Re: python strings

Tim Peters (
Tue, 26 Apr 94 22:12:22 -0400

> [jaap]
> [This response is not directed to Tim in particular.]

Nor is this to you <wink>.

> ...
> Unless you need three quotes, what is the escape sequence for that?

Under the rules Guido proposed, which are a generalization of those for
{',"} strings, <not-backslash><quote><quote><quote> is the only way to
close a triple-quoted string, where quote is in {',"}. So if you need
three quotes (you don't <grin>), any of these would do:


The last one also has the advantage of working in regular strings.

> And what about 'A test called "test"' with triple double quotes?
> """A test called "test""""

"""A test called "test\""""

would do it. So would

"""A test called "test"
""" [:-1] # <wink>

> (I can see the parser complain here...)

Well, the initial part
"""A test called "test"""

will get sucked up as a single string. That leaves a lone '"', which,
thanks to the also-new implied-by-juxtaposition string literal catenation
(don't blame me <0.9 grin>), will be taken as the start of another
string, to be catenated to the leading part. So, since a plain double-
quote string can't span lines, the parser would gripe about an unclosed
string if fed that fragment on the tail end of a line. OTOH, this
wouldn't gripe:

print """A test called "test"""" + "

> | A second feature is that runaway strings are very easy to find if they're
> | introduced by the obnoxious '"""'.
> Moot. If you have '"""' all over the place, it's not going to matter any
> more.

I believe that plain {',"} strings will remain overwhelmingly most
common, so disbelieve the "if" part.

The other half is that it's very easy to forget to escape a '"' in a
multi-line '"' string, but very unlikely that you'll forget to escape
'"""' in a triple-quoted string. Not because remembering to _do_ an
escape is any easier in the new form, but because '"""' almost never
occurs in strings to begin with. So the most frequent _cause_ of runaway
strings is virtually eliminated.

> | [the "strip leading whitespace" argument]

> Blech! I hate that feature.

I disliked it too at first sight, and you'll be happy to hear that Guido
still dislikes it. But write some Python _as if_ the new triple-quoted
strings were already implemented, and see how you like _that_!

The example of doc-string syntax Guido posted today illustrates (perhaps
unwittingly <wink>) the real practical problem here:

def system(s):
"""send a command to the shell

This forks a child process which execs /bin/sh.
The parent waits until the child exits or dies.
The return value is either:
256 times the child's exit code (if it exits)
the signal number plus 128 (if it dies)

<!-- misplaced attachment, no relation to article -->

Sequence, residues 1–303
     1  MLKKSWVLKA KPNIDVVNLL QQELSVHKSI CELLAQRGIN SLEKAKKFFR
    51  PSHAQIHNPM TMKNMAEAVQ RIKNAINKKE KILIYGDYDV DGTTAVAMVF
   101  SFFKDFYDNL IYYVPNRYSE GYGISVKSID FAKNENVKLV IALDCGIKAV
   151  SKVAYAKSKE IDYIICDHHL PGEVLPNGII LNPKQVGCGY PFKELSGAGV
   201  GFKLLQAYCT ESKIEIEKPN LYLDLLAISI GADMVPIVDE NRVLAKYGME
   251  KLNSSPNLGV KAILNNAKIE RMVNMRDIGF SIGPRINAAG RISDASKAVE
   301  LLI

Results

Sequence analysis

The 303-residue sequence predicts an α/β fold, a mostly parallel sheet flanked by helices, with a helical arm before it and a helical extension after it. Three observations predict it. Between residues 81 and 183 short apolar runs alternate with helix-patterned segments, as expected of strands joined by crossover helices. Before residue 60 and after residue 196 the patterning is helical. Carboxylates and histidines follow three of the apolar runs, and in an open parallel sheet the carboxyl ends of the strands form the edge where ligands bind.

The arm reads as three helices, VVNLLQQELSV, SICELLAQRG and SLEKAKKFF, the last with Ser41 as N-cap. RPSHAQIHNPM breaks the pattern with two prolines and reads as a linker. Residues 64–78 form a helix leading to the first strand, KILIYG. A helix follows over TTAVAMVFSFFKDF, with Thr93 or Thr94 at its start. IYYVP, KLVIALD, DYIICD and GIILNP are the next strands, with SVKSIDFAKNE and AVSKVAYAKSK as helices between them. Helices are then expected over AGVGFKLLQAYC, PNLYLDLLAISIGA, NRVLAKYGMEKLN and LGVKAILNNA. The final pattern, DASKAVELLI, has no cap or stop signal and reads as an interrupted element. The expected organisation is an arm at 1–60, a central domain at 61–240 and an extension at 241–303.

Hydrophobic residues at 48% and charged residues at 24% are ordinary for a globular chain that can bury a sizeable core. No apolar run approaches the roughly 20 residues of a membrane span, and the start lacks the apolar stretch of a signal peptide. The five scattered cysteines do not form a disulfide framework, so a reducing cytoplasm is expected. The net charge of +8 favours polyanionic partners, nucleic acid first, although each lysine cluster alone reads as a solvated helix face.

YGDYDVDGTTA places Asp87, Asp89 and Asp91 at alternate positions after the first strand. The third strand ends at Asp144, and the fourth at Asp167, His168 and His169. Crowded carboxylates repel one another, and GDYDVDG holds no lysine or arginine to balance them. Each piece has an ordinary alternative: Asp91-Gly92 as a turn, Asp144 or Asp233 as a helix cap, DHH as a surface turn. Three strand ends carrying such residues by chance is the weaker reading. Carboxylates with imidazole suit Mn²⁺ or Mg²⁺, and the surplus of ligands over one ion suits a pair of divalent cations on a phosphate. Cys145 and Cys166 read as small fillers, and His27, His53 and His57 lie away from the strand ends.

127 (if the fork or exec fails)

pid = os.fork()
if pid: return os.waitpid(pid, 0)[1]
os.execv('/bin/sh', ['sh', '-c', s])

He's got the whole string (except for the first line) indented 16 spaces,
so that it doesn't interfere with reading the code (and should really
have the guts indented a bit more than that). That's fine -- Python
becomes an unreadable mess if these long strings are jammed against the
left margin (try it).

But what happens when the doc string is printed? Either:

A) It's printed just the way it is, so function and method doc msgs have
a bizarre amount of leading indentation, that varies according to
their nesting depth in the source code(!).


B) A function is developed to reformat doc strings, part of whose task
must be to answer your next questions:

> How are you going to determine the right amount of whitespace to trim?
> And what if you want whitespace?

Precisely. Refusing to answer those questions in the base language
doesn't make the _problem_ go away, it just means we'll all answer those
questions in different ways, and pay at runtime to boot.

> No, better to do that in explicit functions, such as a rewritten
> string.strip() (rewritten to strip around newlines as well).

If you can suggest a good convention for the string.strip() variant to
follow, better to enforce it at translation time and skip the runtime
bother & expense.

> I guess the three double quotes where just arbitrary; you can use any
> unique delimiter.

So long as these things act exactly like the existing strings, except for
allowing manifest newlines, """ and ''' are kinda mnemonic. If they were
"smarter" than the existing strings, e.g. by virtue of stripping leading
whitespace, or as you suggested later by virtue of allowing a user-
specified trailing delimeter, """ and ''' might be actively misleading.

Give it all some thought!

cat <<-SIG
front-ly y'rs - tim

Tim Peters
not speaking for Kendall Square Research Corp

front-ly y'rs - tim

Tim Peters
not speaking for Kendall Square Research Corp